- Despite the rapid growth in renewable energy and decline in the coal sector, data from the U.S. Energy Information Administration shows new gas capacity additions could reach their highest rate since 2005.
- Taken together, the agency said 2017 and 2018 additions would increase natural gas capacity by 8% from the end of 2016.
- The hefty expansions follow five years of capacity losses in the coal-sector, which lost an estimated 47.2 GW between the end of 2011 and the end of 2016.
A 15% reduction in the nation's coal capacity has left the generation sector turning to natural gas in the near term, according to the EIA.
"Depending on the timing and utilization of these plants, the new additions could help natural gas maintain its status as the primary energy source for power generation, even if natural gas prices rise moderately," EIA said in a post yesterday. Gas delivered to power generators averaged $5/MMBtu in 2014, but fell to $3.23/MMBtu in 2015 and $2.78/MMBtu for most of last year.
EIA said expanded shale production is one of the main reasons gas prices have remained low, and help the generating resource keep its top spot. Many of the natural gas-fired power plants currently under construction are located in Mid-Atlantic states and Texas, with access to large shale gas deposits. "Expanding natural gas pipeline networks also help support the growth," EIA added.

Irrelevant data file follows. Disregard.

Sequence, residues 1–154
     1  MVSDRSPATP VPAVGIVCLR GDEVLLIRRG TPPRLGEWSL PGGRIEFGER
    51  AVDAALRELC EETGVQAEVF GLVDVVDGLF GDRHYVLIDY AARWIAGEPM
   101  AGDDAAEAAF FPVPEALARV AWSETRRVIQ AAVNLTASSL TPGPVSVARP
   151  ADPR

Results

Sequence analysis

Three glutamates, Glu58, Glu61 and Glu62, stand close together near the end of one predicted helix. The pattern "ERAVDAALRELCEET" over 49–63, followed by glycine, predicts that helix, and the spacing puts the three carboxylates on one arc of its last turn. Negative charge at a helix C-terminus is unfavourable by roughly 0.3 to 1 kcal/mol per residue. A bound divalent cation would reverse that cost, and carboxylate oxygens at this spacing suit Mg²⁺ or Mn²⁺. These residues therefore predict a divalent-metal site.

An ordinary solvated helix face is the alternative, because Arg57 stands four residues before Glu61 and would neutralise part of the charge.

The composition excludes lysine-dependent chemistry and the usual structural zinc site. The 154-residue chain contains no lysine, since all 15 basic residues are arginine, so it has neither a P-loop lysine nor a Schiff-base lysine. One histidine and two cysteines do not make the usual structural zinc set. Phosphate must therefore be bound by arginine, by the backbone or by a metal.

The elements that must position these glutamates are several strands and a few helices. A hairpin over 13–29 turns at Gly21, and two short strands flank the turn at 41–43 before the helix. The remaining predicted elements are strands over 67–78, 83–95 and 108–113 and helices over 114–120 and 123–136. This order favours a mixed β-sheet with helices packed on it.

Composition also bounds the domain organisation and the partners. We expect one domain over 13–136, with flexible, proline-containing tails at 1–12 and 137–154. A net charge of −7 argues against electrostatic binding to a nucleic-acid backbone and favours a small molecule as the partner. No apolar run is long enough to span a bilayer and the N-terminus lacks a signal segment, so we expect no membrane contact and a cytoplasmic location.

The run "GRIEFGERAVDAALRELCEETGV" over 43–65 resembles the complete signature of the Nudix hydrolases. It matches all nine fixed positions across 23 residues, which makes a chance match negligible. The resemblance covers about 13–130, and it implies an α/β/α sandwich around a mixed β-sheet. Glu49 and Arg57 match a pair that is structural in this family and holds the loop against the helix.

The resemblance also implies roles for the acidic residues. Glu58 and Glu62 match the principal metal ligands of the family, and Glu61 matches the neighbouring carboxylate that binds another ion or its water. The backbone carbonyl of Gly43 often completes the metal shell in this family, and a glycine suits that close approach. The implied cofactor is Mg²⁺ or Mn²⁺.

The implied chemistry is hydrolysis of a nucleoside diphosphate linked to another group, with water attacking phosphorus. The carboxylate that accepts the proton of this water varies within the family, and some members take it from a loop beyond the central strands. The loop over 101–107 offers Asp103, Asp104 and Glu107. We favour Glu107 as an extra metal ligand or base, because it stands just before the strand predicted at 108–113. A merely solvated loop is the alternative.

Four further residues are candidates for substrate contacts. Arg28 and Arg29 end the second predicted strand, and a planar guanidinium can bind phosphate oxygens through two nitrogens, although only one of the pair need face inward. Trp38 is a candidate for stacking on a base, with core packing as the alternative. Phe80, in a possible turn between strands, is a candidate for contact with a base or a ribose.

The price of natural gas and wholesale energy is closely linked in some regions, particularly in New England and Mid-Atlantic where it often sets the margin price of power. Utility Dive has begun publishing its Power-Gas Index, which aims to illustrate the linkage between the fuel and power, and how little spare capacity is built into the system.
The EIA does expect gas prices to rise this year and next, potentially leading to some project postponements or cancelations. But any impact will be quickly recognized, as construction timelines are relatively short. The agency said more than half the gas-fired generating capacity scheduled to come online in 2017 and 2018 was not yet under construction as recently as three months ago.
However, rising fuel prices are expected to help coal burn get a boost this year. The EIA expects total U.S. generation supplied by natural gas will decline from 34% last year to 32% in 2017.Coal’s share of generation is projected to rise from 30% to 32%, in part because higher prices will make fuel shifting less attractive.
That decline will be temporary, however. "By 2018, however, the scheduled expansion of overall capacity fueled by natural gas is expected to more than offset the effect of higher natural gas prices and potentially reduced utilization, resulting in a slight increase in natural gas’s share of total U.S. electricity generation," EIA concluded.